If you take a left out of my parents’ driveway you come to an intersection. Look across the intersection and you’ll see a house with a chain link fence along its driveway. Look again and you’ll notice that the end fence post is slightly askew and the chain link is buckled. It’s been that way for thirty-five years.
And I know, because I did it.
There is rarely a time when I leave my parents’ house that I don’t glance at the bent fence and think back to my first year of driving. I’d never told anyone about the fence until recently when my teenage kids were with me as we stopped at the intersection. Somehow, the off-kilter fence post caught my son’s eye.
“What happened to the fence?” he asked, unaware that was a question I feared for a very long time after I caused the damage.
Unfortunately, there have been many times in life when I haven’t been as honest or as forthcoming as I should have been. In the case of the bent fence, however, I’d had an occasion of truthful glory. Remembering what I’d read about “teachable moments” I decided to confess the story to my kids, hoping to teach them something about the value of honesty.
“What happened to the fence?” my son repeated.
“I did it.” I said.
Both kids gave me their full attention as I crossed the intersection and passed the scene of the long ago incident. Almost in slow motion, they looked from the fence then back to me as I began to explain.
I was sixteen at the time and hadn’t been driving long. A friend was visiting and I decided to drive us down to the service station for a Slim Jim and a Yoohoo, I guess because they’re such a delicious combination. The car my sisters and I shared at the time was a 1963 Mercury Comet, affectionately known around home as “The Vomit”. It was an ugly beast with tail fins akin to those of the Batmobile.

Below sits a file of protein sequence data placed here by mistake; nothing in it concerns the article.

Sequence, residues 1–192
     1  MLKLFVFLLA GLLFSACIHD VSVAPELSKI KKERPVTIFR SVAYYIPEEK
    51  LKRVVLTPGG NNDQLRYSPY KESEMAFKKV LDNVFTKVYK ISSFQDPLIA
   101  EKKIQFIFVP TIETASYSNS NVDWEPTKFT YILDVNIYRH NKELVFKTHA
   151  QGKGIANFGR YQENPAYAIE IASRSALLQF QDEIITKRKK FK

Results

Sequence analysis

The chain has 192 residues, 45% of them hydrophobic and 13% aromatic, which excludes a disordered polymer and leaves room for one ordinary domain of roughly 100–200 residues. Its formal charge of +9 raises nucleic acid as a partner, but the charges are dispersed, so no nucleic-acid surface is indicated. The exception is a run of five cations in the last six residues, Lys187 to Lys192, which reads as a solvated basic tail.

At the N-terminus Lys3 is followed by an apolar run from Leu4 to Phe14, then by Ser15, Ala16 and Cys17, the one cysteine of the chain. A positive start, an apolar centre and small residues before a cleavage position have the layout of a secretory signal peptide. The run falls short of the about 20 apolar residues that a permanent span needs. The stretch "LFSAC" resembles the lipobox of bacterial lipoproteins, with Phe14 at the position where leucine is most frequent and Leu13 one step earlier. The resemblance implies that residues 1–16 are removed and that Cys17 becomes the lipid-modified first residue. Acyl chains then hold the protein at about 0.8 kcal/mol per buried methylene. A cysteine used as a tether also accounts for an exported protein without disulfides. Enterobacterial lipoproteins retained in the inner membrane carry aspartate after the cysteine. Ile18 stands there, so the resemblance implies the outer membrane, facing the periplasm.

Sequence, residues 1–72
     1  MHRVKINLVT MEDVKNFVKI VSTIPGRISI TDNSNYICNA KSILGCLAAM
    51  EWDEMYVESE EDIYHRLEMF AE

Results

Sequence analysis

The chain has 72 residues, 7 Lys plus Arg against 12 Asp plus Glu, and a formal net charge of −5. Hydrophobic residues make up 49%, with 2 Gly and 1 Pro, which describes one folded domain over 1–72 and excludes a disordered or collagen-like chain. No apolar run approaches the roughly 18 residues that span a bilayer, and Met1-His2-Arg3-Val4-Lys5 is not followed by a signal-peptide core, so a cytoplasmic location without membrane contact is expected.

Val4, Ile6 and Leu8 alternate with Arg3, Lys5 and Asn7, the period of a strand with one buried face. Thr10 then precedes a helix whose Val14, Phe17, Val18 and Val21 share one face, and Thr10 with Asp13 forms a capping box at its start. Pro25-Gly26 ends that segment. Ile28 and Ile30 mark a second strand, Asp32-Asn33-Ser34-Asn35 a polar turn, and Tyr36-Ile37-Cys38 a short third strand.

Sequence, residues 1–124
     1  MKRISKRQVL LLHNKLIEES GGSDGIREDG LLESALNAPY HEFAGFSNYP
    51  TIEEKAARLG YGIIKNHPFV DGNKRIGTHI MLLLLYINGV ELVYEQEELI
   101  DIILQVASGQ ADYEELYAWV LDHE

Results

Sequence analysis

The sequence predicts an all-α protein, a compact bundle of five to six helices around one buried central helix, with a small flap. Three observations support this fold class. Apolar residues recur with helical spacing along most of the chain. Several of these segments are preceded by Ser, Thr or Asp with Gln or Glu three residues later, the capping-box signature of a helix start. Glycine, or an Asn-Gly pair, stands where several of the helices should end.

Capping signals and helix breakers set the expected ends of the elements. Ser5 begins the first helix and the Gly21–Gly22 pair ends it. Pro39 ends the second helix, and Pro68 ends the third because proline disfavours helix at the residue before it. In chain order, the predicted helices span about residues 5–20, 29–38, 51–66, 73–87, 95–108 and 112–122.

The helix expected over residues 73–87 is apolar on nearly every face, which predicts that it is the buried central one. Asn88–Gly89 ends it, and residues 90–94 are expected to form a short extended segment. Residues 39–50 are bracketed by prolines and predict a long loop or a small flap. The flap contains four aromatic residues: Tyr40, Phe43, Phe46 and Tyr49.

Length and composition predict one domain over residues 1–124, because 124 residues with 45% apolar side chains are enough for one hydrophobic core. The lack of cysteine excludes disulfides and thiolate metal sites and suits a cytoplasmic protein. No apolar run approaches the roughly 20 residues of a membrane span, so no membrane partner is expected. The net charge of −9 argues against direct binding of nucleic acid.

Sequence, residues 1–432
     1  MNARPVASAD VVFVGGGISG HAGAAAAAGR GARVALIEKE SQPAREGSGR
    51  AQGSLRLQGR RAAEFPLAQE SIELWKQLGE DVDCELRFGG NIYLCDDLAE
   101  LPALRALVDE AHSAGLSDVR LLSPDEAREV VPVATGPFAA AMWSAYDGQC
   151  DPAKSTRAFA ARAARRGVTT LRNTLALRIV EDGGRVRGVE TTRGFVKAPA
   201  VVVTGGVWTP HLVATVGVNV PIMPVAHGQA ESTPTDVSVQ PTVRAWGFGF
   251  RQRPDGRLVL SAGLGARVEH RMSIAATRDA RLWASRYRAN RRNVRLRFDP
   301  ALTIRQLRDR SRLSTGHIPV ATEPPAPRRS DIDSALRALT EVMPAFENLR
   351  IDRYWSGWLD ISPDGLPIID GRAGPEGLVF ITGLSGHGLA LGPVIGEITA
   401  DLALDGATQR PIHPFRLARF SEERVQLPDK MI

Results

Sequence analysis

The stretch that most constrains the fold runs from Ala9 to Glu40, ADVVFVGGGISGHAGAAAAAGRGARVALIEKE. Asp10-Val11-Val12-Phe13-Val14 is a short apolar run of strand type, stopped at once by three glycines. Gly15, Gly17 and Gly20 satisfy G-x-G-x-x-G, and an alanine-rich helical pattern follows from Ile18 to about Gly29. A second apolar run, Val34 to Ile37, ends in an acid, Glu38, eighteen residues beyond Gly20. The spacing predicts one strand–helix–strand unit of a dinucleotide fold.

As I stopped at the intersection with my friend I realized I’d forgotten my money. I crossed the intersection to turn around at the house with the the chain link fence and return home for cash. Eager to show off my driving skills, I backed into the driveway. It went well until one of the jutting tail fins snagged the chain link. I heard a slight screeching sound as the fence bent and the post shifted. I began to sweat.
“Go! Just go!” my friend insisted as he looked around for anyone who might have seen us.
I considered just going, but couldn’t.
My hands shook as I put the car in park and told my friend I’d be right back. My nervous knees nearly buckled as I walked from the car up the sidewalk and to the front door of the house. It took several tries to convince my finger to push the doorbell. I pushed it and waited for the worst. I felt my lips quiver and assumed I wouldn’t be able to speak when the man opened the door. Surely I’d have to start over several times before being able to tell him what I had done. “What happened to the fence?” he’d ask, unable to understand the stuttering I was sure to do.
As I waited for an eternity for the door to open, I also imagined how it would be when I had to tell my parents. “What happened to the fence?” they would ask, forcing me to repeat to them the awful incident. Luckily, when I imagined telling them, I hadn’t yet had my Slurpee so the urge to wet my pants went unfulfilled.
I heard the front door being unlocked and the doorknob turning. An old man stared at me through the storm door as he then unlocked that too, and opened it partially. He stared at me.
“I messed up your fence, sir.” I croaked to him. I waited for him to curse, demand to talk to my father, or tell me to wait while he called the police. He just stared at me.